Just about a year ago, my seventh grade class took a trip to Pigeon Key, FL to spend two days at a Marine Science Center. My school encouraged every student to go on the trip and after hours and hours of driving, we were greeted by many enthusiastic staff members excited to take us on the boat to Pigeon Key. When the boat arrived at the dock, I was immediately overwhelmed by the gorgeous scenery. Water wrapped around the island like a blanket, leaving only a small space for the buildings. At the time, there were a small amount of buildings on the island, housing a museum, multiple sleeping quarters, a small kitchen and outdoor dining room, a classroom, and other tiny structures.
Thirty-seven year old Salvador Alvarenga, a fisherman living and working in Mexico, loved his 25-foot long canoe shaped boat. On November 18, 2012, he planned to be with it in the deep, tranquilizing waters of the Pacific Ocean. He had nothing holding him back, his daughter lived in El Salvador with her mother. Ezequiel Córdoba, Alvarenga’s 22-year old crewman, and Alvarenga loaded the boat with thousands of pounds of equipment that would soon be filled with a variety of seafood. He had known there was a storm coming, but he refused to pass up possible catch no matter the danger.
Boarding a French clipper ship, the Bretz family was about ready to undertake a huge and stormy adventure. (Emmert 419) Eventually, over the span of 75 days, the family arrived in New York City (Weber and Sonderman 2). The family’s stay in the Big Apple did not last very long, as they decided moved to Pittsburgh. The Bretz’s next excursion consisted of riding on a flatboat down the Ohio River until they finally reached the town of Troy, Indiana.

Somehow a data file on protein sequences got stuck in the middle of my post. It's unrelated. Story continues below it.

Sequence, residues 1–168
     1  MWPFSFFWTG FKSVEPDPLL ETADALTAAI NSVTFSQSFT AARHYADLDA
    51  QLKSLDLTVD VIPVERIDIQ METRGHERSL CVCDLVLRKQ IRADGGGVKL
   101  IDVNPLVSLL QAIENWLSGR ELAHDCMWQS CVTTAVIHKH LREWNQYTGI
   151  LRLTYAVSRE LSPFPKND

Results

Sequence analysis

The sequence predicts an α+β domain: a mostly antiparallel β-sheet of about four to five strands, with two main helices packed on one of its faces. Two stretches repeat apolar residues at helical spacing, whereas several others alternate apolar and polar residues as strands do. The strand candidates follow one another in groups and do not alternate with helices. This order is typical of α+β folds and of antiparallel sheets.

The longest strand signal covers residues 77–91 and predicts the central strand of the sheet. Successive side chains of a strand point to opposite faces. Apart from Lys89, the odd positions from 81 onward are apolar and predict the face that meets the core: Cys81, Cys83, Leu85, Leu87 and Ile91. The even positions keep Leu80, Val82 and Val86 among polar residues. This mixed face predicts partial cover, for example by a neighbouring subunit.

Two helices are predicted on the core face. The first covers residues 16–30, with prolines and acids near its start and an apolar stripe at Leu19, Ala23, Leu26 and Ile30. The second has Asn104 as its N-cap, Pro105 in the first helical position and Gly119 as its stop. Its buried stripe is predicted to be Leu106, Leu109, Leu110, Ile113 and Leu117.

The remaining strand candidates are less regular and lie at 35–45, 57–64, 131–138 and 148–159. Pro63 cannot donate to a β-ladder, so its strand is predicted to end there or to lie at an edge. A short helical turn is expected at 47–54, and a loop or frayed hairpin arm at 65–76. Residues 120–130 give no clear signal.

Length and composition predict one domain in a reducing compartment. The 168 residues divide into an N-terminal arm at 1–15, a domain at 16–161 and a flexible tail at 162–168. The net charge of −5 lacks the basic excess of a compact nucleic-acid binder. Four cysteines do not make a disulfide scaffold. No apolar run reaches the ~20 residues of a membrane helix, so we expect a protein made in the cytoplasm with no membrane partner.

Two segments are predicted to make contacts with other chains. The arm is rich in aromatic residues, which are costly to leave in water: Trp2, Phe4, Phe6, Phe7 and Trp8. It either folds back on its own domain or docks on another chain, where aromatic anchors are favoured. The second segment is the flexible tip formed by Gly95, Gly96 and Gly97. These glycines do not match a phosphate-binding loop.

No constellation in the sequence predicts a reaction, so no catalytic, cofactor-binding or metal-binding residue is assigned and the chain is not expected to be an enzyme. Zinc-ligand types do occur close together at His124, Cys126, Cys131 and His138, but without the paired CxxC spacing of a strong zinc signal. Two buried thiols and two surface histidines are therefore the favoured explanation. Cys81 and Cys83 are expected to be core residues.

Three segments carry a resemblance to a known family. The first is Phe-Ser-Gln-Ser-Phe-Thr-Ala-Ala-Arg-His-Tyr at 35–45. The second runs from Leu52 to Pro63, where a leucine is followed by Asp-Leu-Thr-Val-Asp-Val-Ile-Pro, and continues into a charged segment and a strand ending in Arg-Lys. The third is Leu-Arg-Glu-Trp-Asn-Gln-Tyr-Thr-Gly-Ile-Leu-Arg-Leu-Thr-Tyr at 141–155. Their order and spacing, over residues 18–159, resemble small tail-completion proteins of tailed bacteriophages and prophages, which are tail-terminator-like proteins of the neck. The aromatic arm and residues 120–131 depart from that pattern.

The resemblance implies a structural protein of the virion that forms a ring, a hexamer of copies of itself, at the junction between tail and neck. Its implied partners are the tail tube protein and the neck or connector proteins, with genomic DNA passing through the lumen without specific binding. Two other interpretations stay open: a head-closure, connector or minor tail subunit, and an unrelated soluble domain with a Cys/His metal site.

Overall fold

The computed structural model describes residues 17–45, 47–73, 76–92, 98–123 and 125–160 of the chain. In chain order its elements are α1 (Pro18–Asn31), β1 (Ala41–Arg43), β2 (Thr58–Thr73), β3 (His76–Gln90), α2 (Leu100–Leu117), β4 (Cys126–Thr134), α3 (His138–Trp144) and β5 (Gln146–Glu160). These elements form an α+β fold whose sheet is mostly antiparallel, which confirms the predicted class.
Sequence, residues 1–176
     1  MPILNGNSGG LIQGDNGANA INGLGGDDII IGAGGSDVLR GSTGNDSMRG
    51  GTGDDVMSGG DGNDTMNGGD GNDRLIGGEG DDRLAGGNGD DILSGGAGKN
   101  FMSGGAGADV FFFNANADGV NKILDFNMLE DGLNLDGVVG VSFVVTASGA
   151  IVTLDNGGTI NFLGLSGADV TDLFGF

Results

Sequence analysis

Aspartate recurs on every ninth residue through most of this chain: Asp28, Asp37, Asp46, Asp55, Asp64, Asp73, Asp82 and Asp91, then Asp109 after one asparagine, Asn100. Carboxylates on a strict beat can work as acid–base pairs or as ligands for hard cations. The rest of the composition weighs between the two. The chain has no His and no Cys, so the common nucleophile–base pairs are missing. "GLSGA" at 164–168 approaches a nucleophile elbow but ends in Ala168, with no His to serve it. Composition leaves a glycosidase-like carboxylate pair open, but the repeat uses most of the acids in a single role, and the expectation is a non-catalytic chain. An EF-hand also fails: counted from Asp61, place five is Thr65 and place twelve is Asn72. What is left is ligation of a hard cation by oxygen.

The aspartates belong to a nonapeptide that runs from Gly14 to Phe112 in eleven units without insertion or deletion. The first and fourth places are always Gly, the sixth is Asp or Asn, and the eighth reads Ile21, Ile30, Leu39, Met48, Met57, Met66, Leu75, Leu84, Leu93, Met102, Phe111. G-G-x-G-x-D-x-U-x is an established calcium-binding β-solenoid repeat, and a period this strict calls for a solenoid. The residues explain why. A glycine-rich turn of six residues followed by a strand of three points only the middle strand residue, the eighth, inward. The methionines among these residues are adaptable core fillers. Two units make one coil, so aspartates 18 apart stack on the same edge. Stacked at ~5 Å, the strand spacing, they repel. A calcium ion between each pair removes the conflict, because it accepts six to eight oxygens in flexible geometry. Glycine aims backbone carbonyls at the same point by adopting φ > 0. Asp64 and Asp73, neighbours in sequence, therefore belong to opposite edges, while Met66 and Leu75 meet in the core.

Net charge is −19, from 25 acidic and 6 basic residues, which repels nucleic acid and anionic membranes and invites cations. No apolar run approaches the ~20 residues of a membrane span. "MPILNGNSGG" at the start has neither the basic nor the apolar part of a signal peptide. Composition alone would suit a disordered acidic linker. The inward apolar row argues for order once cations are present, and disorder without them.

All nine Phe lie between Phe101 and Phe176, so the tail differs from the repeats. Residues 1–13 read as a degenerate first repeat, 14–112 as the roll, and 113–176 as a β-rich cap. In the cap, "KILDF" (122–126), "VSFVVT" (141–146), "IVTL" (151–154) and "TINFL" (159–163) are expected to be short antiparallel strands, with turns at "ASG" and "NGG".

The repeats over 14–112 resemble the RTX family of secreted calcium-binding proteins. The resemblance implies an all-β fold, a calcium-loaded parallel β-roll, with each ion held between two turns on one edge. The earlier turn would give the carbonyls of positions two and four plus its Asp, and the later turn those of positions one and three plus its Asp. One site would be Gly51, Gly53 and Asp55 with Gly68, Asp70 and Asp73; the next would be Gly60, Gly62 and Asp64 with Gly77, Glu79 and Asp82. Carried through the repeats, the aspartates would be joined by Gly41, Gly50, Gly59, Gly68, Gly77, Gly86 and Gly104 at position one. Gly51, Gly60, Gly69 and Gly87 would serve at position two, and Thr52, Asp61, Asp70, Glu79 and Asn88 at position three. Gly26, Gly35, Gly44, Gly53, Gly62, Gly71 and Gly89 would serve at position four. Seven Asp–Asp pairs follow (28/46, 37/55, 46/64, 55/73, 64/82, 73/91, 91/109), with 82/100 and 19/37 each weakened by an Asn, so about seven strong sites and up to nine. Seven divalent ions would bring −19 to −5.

Today, I leave for the new world. My men have brought me news of a vast city made of gold and full of riches. With conquistadors and a few Jesuit priests to convert any new people that we may find the church, I am nervous. I must gather my men and, Pedro, angry with me. The governor has told me to not go, but I need this.
I never realized the world was so much bigger than the United States. As far as I was concerned, other countries existed only through news media, books, and movies. In December 2011, my parents talked to my sister and I about moving; we were shocked and full of questions of what to expect. Thirty days was the all the time we had to get our lake home, farm, and passports ready before our departure to China. My family and I were moving to 7,500 miles away and had no idea when we would return to the United States.
Attentively, I listened as my grandma began to poor out her life long story to me. At the end of World War II, she had come as an immigrant from Germany with her family when she was only a little younger than I . Then she got her citizenship and raised her family here in America. This story I had known all too well, but until now I had always hesitated to bring up the topic in fear of the asking too much. To my brother and I, she was our Oma.